Abstract

By frequency-stabilizing the output from an Erbium fiber amplifier at 1580 nm to a high-finesse cavity (finesse ~6300) formed by two high-reflectance, low-loss, concave mirrors, we achieve 22.4±2.0 kW intracavity circulating power and 101±9 MW/cm2 cw intracavity intensities on the surfaces of the mirrors. Repeated experiments show no damage to the mirrors’ coating. In addition, small variations of the mirrors’ radius of curvature are observed and measured by recording the cavity’s transverse-mode range. The mirrors’ 10 cm radius of curvature changes as function of laser intensity at a rate of 105 μm/(MW/cm2).

© 2005 Optical Society of America

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References

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  1. N. Uehara and K. Ueda, "Accurate measurement of the radius of curvature of a concave mirror and the power dependence in a high-finesse Fabry-Perot interferometer," Appl. Opt. 34, 5611-5619 (1995).
    [CrossRef] [PubMed]
  2. J. A. Barnes, T. E. Gough, and M. Stoer, "Laser power build-up cavity for high-resolution laser spectroscopy," Rev. Sci. Instru. 70, 3515-3518 (1999).
    [CrossRef]
  3. A. E. Siegman, Lasers (University Science Books, Mill Valley, Calif., 1986), p. 762 and 683.
  4. J. P. Goldsborough, "Beat frequencies between modes of a concave-mirror optical resonator," Appl. Opt. 3, 267-275 (1964).
    [CrossRef]
  5. L. Ricci, M. Weidemueller, T. Essinger, A. Hemmerich, C. Zimmermann, V. Vuletic, W. Koenig, and T. W. Haensch, "A compact grating-stabilized diode laser system for atomic physics," Opt. Commun. 117, 541 (1995).
    [CrossRef]
  6. R. W. P. Drever, J. L. Hall, F. V. Kowalski, J. Hough, G. M. Ford, A. J. Munley, and H. Ward, "Laser phase and frequency stabilization using an optical resonator," Appl. Phys. B 31, 97-105 (1983).
    [CrossRef]
  7. E. Hecht, Optics, 4th Edition (Addison-Wesley, 2002), p. 594.

Appl. Opt. (2)

Appl. Phys. B (1)

R. W. P. Drever, J. L. Hall, F. V. Kowalski, J. Hough, G. M. Ford, A. J. Munley, and H. Ward, "Laser phase and frequency stabilization using an optical resonator," Appl. Phys. B 31, 97-105 (1983).
[CrossRef]

Opt. Commun. (1)

L. Ricci, M. Weidemueller, T. Essinger, A. Hemmerich, C. Zimmermann, V. Vuletic, W. Koenig, and T. W. Haensch, "A compact grating-stabilized diode laser system for atomic physics," Opt. Commun. 117, 541 (1995).
[CrossRef]

Rev. Sci. Instru. (1)

J. A. Barnes, T. E. Gough, and M. Stoer, "Laser power build-up cavity for high-resolution laser spectroscopy," Rev. Sci. Instru. 70, 3515-3518 (1999).
[CrossRef]

Other (2)

A. E. Siegman, Lasers (University Science Books, Mill Valley, Calif., 1986), p. 762 and 683.

E. Hecht, Optics, 4th Edition (Addison-Wesley, 2002), p. 594.

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Figures (5)

Fig. 1.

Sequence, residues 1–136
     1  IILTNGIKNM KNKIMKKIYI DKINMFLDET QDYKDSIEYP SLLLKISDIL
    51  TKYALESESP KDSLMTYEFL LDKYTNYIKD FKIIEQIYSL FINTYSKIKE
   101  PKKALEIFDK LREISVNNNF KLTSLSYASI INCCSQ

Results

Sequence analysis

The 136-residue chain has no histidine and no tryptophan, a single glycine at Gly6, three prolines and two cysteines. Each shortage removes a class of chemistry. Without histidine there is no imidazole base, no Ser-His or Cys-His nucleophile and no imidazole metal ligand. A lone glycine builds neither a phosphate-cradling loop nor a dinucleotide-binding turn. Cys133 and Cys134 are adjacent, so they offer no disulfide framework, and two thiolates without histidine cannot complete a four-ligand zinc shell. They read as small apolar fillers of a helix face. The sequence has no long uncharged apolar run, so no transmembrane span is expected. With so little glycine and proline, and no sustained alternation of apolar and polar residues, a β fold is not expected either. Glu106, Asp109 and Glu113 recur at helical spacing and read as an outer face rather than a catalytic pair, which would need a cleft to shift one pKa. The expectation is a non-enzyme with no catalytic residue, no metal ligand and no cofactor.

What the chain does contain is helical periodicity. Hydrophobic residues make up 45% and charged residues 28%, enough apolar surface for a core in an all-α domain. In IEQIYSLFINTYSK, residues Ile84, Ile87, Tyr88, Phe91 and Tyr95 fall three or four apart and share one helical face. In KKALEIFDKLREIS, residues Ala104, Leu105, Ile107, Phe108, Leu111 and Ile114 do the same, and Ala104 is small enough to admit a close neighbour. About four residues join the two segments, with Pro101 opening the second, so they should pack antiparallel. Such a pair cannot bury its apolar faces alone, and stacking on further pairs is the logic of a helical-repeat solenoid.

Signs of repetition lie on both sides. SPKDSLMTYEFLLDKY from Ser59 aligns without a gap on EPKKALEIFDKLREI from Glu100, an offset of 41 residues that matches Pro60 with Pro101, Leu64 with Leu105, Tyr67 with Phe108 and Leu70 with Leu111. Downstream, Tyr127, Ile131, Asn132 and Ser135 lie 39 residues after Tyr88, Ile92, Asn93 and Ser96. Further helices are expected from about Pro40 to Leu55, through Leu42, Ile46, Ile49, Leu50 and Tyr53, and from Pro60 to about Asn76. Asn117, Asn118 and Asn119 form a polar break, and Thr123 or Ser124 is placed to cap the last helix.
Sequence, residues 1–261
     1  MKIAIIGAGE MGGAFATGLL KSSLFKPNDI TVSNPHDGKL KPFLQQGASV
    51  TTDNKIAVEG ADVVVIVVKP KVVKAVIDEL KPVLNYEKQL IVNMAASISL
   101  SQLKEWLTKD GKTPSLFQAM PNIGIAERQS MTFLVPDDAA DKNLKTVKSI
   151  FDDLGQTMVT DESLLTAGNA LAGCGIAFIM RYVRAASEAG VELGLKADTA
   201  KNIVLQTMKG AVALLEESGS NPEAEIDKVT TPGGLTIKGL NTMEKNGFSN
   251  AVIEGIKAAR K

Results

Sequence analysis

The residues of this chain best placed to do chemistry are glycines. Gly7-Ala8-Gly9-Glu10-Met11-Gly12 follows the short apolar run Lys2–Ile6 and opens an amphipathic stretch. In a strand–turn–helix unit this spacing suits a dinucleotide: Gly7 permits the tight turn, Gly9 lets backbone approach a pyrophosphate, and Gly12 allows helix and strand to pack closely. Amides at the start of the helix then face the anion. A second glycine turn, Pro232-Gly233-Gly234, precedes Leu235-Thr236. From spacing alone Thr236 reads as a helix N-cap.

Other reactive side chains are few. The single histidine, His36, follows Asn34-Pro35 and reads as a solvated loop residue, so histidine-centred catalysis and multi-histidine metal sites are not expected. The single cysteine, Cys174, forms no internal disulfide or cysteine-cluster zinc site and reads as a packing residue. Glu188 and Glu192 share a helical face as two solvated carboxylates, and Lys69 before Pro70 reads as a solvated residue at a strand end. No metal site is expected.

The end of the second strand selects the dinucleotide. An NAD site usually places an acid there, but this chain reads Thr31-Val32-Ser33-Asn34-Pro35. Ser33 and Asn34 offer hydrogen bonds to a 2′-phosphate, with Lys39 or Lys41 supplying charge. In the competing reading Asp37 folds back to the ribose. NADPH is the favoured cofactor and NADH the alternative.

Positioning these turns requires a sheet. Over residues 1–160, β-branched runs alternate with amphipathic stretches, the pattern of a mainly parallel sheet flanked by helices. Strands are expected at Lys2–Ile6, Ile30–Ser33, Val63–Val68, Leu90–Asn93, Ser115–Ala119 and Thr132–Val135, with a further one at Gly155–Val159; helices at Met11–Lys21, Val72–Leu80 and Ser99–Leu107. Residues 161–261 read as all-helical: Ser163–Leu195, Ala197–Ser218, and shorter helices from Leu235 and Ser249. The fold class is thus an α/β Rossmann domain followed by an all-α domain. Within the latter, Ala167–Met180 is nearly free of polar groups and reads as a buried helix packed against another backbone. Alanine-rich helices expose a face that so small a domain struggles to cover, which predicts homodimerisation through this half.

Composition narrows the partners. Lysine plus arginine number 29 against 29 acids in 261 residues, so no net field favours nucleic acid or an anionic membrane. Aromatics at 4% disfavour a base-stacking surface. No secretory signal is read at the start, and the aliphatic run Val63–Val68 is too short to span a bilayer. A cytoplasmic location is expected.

Fig. 1.

(a) Resonant frequencies in a standing-wave concave-mirror cavity. Each longitudinal mode contains a set of transverse modes. The separation between two adjacent longitudinal modes is the free spectral range (FSR), while the two adjacent transverse modes are separated by the transverse mode range (TMR). (b) Experimental cavity transmitted signal as the cavity is scanned (for showing purpose, the mode-matching is not optimized). The two identical mirrors have a radius of curvature r = 10 cm and are separated by L = 1.45 cm. Thus FSR = 10.35 GHz and TMR = 1.80 GHz. Peaks labeled “M” are the modulated sidebands on the laser for measuring purpose (see text).

Fig. 2.
Fig. 2.

Experimental setup. The laser source is an ECDL-seeded Erbium Amplifier. The Pound-Drever-Hall technique is used to lock the laser’s frequency to the cavity. ECDL: external-cavity diode laser, APP: anamorphic prism pair, λ/2: half-wave plate, EOM1: electrooptic modulator (free space), EOM2: electrooptic modulator (fiber coupled), MML: mode-matching lens, WG: wedged glass, HFC: high-finesse cavity, PZT: piezo-electric transducer, D1: detector for monitoring input laser power, D2: detector for cavity reflected signal, D3: high-speed detector for measuring beat frequency between cavity modes, D4: detector for monitoring transmitted power.

Fig. 3.
Fig. 3.

Power and intensity data. (a) Transmitted power as a function of the incident power. The linear fitting shows a 72% slope. (b) Converting the transmitted power to the intracavity circulating power and the beam-center intensity on the surfaces of the mirrors. Peak values of 22.4 ± 2.0 kW circulating power, or 101 ± 9 MW/cm2 intensity on mirrors are achieved at the 17.4 W incident power.

Fig. 4.
Fig. 4.

A few selected traces of the network analyzer showing the spectra of the beat signal between the cavity’s fundamental transverse mode (locked) and the first-order transverse mode (swept by RF modulation). The peak (equal to cavity’s TMR) moves to smaller frequency direction as the intensity on mirrors increases. The resolution bandwidth of the network analyzer is set at 100 kHz.

Fig. 5.
Fig. 5.

(a) Measured transverse mode range (TMR) as a function of the intensity on mirrors. (b) Convert TMR into mirrors’ radius of curvature. It is found that the radius of curvature increases with the increasing intensity at a rate of 105 μm/(MW/cm2).

Tables (1)

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Table 1. Key parameters of the cavity

Equations (6)

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ν = { q + ( n + m + 1 ) 1 π cos 1 [ ( 1 L r 1 ) ( 1 L r 2 ) ] 1 2 } c 2 L ,
FSR = c 2 L ;
TMR = 1 π cos 1 [ ( 1 L r 1 ) ( 1 L r 2 ) ] 1 2 } c 2 L .
TMR = 1 π cos 1 ( 1 L r ) c 2 L .
P c = P t T .
I = 2 P c π w m 2 ,

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